Red Pens and Other Ego-Paring Tools

a red colored pencil against a white background

In “Dr. Deneau’s Punishment,” one of eleven excellent short stories in Lori Ostlund’s Flannery O’Connor award-winning collection The Bigness of the World, the title character despairs over the current trend in American schools to reward students for their mediocrity.  Under the new regime of the militantly optimistic, the red pen is suspect, likewise the honest verbal assessment of a student’s shortcomings (which, in a college business course years ago, I learned should be termed “areas for improvement” rather than “limitations” or “weaknesses”).  Ostlund’s comic genius and astute social critique are particularly on display in the scenes where Dr. Deneau is forced to defend his desire to label his weakest reading group “The Spuds,” “The Mongrels,” or “The Chain Gang.”  (The principal’s parrying suggestion is “The Cheetahs.”)  I’ve been thinking about this story ever since I finished it a couple of weeks ago, about how Ostlund has so wittily underscored one of many recent, unsettling trends in our culture.

I’ve taught college writing courses on and off since 1995, and in graduate school, I remember receiving instructions from a student a year ahead of me:

– It’s a good idea to forgo red pens in favor of blue or green, which aren’t as likely to make students feel like they have been slapped.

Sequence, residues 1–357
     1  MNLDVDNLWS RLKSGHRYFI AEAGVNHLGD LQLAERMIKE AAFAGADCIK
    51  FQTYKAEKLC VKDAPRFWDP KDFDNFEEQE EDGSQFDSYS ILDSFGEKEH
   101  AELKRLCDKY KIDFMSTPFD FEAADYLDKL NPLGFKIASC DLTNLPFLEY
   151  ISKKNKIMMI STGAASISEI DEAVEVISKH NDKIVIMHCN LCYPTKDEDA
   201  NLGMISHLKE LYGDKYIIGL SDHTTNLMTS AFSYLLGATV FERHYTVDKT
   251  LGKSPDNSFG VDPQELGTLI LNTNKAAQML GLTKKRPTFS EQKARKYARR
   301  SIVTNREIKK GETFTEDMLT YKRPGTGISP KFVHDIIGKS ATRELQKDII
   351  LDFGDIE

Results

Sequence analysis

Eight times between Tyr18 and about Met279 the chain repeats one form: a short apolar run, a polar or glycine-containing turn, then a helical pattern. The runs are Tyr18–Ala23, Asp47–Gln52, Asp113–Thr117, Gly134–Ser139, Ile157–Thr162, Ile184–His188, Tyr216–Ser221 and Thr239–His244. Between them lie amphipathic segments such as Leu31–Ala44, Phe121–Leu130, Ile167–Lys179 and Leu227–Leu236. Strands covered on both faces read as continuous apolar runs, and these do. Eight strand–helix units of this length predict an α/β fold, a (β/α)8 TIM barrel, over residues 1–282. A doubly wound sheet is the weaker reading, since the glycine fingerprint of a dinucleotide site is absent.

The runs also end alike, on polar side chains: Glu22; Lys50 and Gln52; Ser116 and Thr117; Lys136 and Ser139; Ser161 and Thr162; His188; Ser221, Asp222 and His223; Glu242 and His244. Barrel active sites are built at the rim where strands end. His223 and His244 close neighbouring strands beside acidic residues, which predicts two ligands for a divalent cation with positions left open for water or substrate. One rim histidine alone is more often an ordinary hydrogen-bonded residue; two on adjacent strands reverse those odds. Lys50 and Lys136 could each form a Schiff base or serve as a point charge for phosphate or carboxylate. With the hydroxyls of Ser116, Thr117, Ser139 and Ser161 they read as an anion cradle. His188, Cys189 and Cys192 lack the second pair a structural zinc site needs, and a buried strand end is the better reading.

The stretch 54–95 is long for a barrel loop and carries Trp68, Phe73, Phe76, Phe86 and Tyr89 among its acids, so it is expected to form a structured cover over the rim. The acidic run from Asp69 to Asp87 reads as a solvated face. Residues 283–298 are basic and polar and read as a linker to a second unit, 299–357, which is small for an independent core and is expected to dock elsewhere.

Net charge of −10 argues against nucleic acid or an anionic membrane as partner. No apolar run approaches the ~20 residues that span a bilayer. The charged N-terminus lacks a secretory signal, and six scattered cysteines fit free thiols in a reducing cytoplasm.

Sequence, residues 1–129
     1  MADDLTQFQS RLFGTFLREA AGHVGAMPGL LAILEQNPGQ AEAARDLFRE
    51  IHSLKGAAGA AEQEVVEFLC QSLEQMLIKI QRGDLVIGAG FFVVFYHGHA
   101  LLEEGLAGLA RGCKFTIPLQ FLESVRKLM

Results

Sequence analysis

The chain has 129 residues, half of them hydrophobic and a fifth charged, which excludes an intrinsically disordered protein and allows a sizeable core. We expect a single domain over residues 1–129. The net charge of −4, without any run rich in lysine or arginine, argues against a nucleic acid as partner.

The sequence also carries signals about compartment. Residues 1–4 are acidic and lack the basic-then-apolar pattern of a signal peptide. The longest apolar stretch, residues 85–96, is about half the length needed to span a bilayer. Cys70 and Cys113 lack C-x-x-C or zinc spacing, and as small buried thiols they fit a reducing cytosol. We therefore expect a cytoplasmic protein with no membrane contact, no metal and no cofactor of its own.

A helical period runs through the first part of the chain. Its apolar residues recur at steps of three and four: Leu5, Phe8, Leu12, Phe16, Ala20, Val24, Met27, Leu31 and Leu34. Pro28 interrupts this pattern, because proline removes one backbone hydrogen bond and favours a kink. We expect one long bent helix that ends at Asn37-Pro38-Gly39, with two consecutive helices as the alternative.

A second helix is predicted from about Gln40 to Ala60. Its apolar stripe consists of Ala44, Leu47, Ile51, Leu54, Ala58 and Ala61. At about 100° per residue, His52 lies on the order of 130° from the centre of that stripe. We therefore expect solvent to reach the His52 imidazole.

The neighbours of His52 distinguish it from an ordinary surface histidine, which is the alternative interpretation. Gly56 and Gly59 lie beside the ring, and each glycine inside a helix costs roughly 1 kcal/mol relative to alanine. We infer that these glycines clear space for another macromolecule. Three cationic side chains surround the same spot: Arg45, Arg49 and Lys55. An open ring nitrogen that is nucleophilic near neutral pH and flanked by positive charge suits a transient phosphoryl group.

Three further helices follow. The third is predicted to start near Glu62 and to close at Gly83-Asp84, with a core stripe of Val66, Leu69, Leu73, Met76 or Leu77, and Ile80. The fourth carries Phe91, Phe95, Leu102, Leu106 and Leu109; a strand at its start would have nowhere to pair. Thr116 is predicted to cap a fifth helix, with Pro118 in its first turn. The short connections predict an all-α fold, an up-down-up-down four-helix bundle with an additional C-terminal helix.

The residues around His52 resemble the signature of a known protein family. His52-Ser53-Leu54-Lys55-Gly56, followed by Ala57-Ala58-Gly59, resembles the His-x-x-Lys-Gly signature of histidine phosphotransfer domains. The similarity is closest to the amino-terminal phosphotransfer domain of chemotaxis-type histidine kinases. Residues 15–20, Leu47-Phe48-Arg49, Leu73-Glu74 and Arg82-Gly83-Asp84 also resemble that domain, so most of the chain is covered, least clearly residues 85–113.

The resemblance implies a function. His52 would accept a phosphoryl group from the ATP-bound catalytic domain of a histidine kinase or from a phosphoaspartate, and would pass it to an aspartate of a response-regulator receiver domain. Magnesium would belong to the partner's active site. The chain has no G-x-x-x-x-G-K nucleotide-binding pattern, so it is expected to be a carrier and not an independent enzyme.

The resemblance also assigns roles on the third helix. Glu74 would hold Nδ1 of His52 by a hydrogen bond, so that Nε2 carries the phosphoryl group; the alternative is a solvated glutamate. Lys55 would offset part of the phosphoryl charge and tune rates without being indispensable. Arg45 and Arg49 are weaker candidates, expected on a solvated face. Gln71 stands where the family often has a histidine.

– It’s not a good idea to cross out a student’s words and replace them with your own.  The better strategy is to put the poorly chosen words in parentheses.  (I’ve wimpily used this tactic for years but have found that sometimes it confuses, the, uh, Mongrels – on one revision, a student simply copied the parentheses onto her second draft, not realizing that the words needed to be replaced by better ones).

Red is the color of guilty consciences, of blood, of violence, of emergency.  It’s probably obvious by now that I have a soft spot for red pens.  I liked seeing red ink on my own school papers because it meant that the teacher felt strongly about something I had written, regardless of whether her feeling was one of pleasure or irritation.  I also think an “A” looks most striking in red.  When I’m grading papers, I know that red pens get the point across.  Like Dr. Deneau, I despair of the militant, seemingly collective desire to make everyone feel good at all times, to resist the impulse to question lazy thinking and average writing.  In Waiting for Superman, a documentary about the American educational system’s failings, the filmmakers discuss a fact that many of us already know, i.e. American students rank very low in academic performance compared to students in many foreign countries.  The surprising news, however, is that American students rank very high in something else: self-confidence.